Pitchfork Music Festival day 2 review
Published: Sunday, July 15, 2012
Updated: Monday, August 27, 2012 16:08
As I sum up my Saturday at Pitchfork Music Fest, I’m going to disclose something – I only actually listened to about three of the bands that were playing on day 2. I suppose if I knew and listened to everyone that was playing, Pitchfork would be doing it wrong. This recap is part review, part personal tale because of it.
I arrived at about 2:30 p.m at the height of the rainstorm. I came prepared with a tiny umbrella, but that didn’t make it much more bearable. Puddles were everywhere, the grass was slowly transforming into a giant mud pit, and I began to mentally prepare myself I would be covered in mud by the end of the day.
As Cults was about to take to the red stage, the skies cleared. The indie pop due began an enjoyable, rain-free set. Vocalist Madeline Follin’s voice is a bit childish, but the performance was fun nonetheless. The bells in their Pitchfork-favorite hit “Go Outside” mixed with Follin’s voice got the crowd to bop along, but bopping was the extent. In response to the rain, before playing their last song guitarist Brian Oblivion told the crowd to “mean mug the sky” to hopefully keep the rain away for the remainder of Saturday. It worked.
The sun began to peek through the clouds as Flying Lotus began his set. Between songs he commented on his level of intoxication reputedly, which warranted a great reaction from a crowd of certainly equally drunk fans. Mixing many well-known songs with strong beats, there was something for everyone to enjoy.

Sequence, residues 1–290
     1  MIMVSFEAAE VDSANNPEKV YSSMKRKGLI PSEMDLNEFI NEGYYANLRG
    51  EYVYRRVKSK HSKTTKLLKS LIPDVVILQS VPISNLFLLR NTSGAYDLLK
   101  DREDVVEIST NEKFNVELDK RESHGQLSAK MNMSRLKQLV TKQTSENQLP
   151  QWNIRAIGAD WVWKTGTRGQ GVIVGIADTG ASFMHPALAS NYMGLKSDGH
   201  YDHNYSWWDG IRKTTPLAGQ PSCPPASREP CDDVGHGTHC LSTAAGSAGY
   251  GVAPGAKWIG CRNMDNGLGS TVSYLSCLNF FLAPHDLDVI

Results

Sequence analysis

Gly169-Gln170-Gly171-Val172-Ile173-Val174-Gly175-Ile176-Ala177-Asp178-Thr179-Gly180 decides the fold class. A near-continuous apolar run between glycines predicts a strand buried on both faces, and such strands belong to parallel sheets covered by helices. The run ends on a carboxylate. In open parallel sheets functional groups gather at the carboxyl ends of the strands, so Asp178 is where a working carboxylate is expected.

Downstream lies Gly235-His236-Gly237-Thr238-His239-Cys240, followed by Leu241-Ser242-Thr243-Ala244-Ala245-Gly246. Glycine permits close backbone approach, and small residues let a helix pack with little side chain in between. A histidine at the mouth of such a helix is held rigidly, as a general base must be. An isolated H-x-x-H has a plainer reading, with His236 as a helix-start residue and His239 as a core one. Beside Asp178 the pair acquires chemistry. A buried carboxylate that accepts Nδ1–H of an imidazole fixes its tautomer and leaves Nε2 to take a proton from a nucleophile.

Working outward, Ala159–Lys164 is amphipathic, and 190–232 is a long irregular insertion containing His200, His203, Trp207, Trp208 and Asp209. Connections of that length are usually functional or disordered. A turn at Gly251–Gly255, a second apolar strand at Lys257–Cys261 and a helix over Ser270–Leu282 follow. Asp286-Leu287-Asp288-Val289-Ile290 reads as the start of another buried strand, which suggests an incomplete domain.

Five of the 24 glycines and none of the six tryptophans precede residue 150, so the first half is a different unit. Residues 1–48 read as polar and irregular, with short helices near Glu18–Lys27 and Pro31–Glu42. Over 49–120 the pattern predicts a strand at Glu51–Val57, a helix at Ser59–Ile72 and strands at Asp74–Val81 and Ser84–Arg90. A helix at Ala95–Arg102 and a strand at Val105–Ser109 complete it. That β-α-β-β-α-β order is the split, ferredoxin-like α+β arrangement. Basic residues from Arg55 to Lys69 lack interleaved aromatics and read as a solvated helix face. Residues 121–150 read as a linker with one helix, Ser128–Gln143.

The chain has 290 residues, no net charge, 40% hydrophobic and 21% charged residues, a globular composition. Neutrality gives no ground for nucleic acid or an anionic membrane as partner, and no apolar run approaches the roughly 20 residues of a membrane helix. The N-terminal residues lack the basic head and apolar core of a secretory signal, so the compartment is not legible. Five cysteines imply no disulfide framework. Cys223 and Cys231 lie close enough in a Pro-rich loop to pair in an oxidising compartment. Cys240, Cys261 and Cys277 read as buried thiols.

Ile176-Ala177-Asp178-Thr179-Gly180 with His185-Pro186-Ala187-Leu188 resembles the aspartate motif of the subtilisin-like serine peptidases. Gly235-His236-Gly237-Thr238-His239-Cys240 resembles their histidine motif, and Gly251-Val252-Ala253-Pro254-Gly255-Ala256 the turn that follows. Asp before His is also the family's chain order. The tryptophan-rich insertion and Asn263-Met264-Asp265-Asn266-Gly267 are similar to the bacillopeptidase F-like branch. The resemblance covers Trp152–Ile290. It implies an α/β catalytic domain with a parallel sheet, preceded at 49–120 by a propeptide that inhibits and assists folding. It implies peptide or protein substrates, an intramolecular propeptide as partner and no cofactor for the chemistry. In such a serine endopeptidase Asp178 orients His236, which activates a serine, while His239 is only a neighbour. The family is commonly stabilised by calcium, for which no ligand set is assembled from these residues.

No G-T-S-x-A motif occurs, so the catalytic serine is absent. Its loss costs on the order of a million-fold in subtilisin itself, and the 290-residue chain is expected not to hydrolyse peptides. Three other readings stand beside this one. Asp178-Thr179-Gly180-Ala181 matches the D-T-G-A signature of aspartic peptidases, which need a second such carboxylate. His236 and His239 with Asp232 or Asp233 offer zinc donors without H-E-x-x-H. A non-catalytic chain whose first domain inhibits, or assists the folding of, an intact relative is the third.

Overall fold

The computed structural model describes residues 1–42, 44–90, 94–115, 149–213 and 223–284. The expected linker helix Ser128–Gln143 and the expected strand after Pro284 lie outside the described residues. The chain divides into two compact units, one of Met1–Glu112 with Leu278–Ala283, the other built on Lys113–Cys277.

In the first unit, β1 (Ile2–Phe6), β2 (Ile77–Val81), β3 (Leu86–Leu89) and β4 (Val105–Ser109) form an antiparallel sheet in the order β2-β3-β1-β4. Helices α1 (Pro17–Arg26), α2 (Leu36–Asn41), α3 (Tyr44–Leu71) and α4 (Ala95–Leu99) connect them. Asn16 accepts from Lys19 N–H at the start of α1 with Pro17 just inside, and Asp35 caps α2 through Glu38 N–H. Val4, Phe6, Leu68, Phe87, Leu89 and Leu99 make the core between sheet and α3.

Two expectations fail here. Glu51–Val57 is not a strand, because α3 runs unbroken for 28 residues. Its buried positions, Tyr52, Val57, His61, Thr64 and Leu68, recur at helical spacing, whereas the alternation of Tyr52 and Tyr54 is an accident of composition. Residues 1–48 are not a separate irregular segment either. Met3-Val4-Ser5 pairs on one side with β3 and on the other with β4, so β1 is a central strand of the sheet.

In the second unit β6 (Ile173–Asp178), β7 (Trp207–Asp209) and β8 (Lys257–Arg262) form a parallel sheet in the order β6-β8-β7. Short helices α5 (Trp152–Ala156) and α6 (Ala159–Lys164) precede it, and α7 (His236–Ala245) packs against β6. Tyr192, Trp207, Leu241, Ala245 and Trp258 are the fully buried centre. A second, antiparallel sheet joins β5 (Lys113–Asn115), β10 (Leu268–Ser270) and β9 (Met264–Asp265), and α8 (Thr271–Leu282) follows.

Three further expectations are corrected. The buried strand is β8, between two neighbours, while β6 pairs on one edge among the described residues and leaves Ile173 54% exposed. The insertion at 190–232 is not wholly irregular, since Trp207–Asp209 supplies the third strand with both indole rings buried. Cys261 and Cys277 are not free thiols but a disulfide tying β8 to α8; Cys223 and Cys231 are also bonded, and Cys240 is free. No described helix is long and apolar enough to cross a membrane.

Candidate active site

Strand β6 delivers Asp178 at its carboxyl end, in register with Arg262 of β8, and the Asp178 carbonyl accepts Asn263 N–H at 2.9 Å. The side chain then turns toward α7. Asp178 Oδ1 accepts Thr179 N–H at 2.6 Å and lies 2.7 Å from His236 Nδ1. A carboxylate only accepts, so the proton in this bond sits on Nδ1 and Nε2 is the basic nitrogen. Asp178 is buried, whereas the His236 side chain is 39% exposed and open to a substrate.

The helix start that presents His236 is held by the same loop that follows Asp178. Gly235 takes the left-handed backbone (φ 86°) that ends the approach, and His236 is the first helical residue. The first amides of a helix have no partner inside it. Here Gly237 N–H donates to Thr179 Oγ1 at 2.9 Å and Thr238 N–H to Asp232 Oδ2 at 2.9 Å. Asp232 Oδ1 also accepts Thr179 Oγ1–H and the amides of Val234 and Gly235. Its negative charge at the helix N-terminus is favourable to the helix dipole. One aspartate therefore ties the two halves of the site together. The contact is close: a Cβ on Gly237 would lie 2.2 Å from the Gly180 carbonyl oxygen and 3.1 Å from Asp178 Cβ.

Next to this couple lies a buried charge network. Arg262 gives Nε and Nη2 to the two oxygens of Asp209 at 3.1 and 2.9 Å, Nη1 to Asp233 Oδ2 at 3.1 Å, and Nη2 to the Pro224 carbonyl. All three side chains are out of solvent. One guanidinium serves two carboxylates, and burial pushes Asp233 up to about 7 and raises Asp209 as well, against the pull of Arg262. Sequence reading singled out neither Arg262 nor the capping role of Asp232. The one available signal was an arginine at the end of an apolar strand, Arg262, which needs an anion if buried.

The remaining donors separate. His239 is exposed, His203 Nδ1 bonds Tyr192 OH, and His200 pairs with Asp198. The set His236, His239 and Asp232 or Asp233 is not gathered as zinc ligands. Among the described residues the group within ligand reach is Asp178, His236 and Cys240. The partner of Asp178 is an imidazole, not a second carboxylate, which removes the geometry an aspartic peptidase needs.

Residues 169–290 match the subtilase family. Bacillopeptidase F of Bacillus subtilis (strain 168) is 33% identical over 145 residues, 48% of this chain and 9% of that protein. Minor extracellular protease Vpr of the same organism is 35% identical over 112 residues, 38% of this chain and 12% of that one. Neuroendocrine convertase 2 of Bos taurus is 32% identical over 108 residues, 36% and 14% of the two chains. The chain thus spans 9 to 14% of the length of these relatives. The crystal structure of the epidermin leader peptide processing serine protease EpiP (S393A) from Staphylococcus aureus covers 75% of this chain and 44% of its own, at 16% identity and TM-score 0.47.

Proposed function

I started feeling kind of sick, which I attributed to not eating all day, making it a perfect time to check out the food vendors. I mentally prepared myself to pay too much for too little of food, but such is expected at an event. I decided on pizza from Homemade Pizza Co., but evidently so did everyone else. They were unable to keep up with the demand from the overheated and slightly drunk patrons, causing line waits to be 30 minutes plus. For $5 I got a tiny slice of cheese pizza and a diet coke, not great but good enough.
Sleigh Bells wins the award for most energetic set, hands down. The stage was filled with stacks of amps, and they certainly did their job. Vocalist Alexis Krauss came on stage like a flying ball of energy, running around in her black studded leather jacket, screaming, and whipping her long black hair around. The aforementioned stacks of amps at times overpowered Krauss’s voice, but not enough to ruin the set. Her amazing energy transferred to the crowd getting everyone jumping and moving around. Crowd sing-alongs were encouraged from Krauss, making the stomping fans even more pleased.
Up next back on the red stage were Hot Chip, electropop band hailing from London. A completely different performance that Sleigh Bells, crowds were grooving with the band more than anything else, which made it seem so much less energetic than my last performance experience. With the different musical styles this is expected, but Hot Chip put on a spot-on performance regardless. Crowd engagement from the band is pretty low, but their songs often played into one another making for a continuous mud-filled dance party as the sun set over Union Park.
I had to head out early thanks to a careless passerby who kicked a full beer onto my notebook and camera as I was sitting off to the side of the red stage. A disappointing end to the day, but my spirits can’t be down for too long – I’m ready for Vampire Weekend to close out this fest Sunday night.